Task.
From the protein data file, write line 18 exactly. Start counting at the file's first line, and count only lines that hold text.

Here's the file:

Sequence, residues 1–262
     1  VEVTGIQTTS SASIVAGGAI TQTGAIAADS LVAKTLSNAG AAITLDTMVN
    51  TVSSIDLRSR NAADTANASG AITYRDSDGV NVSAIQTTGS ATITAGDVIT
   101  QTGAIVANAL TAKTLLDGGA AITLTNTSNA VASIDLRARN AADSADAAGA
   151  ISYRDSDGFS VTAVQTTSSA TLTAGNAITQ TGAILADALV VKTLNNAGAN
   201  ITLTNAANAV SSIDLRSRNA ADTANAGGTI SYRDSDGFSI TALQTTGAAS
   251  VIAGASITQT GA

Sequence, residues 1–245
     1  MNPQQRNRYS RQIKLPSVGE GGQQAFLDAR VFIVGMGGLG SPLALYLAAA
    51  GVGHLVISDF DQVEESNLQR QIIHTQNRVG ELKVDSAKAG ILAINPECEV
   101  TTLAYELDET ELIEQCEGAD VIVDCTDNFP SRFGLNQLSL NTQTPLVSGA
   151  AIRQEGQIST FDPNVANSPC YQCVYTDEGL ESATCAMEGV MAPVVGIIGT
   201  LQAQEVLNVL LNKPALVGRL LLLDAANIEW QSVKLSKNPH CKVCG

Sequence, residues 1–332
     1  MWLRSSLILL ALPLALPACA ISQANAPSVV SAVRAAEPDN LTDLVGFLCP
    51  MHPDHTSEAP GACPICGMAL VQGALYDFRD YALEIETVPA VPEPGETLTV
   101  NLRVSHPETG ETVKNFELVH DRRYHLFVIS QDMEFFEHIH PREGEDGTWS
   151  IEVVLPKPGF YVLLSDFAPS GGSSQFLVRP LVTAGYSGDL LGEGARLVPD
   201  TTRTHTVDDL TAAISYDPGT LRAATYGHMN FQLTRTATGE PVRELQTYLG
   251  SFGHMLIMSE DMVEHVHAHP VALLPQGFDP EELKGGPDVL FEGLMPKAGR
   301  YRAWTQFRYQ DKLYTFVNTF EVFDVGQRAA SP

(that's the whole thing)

   151  IEVVLPKPGF YVLLSDFAPS GGSSQFLVRP LVTAGYSGDL LGEGARLVPD